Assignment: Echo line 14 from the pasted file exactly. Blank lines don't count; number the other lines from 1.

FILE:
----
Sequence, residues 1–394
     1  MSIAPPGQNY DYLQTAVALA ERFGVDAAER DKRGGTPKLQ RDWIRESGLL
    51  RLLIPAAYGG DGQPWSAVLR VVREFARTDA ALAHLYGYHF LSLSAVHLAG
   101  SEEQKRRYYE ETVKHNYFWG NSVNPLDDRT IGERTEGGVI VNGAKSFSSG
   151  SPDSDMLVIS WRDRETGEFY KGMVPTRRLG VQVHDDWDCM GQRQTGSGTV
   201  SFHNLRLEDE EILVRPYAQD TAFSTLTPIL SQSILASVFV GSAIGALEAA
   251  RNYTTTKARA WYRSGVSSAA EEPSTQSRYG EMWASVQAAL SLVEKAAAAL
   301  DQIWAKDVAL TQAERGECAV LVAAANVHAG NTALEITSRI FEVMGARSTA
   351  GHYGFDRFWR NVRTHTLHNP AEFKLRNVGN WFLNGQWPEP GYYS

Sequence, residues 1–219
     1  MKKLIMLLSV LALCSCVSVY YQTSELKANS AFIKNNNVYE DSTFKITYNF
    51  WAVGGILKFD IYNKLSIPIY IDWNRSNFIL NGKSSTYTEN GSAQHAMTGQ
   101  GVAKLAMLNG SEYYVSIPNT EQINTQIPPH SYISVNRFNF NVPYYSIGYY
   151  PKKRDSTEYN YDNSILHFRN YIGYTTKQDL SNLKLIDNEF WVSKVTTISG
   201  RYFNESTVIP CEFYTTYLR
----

   151  PKKRDSTEYN YDNSILHFRN YIGYTTKQDL SNLKLIDNEF WVSKVTTISG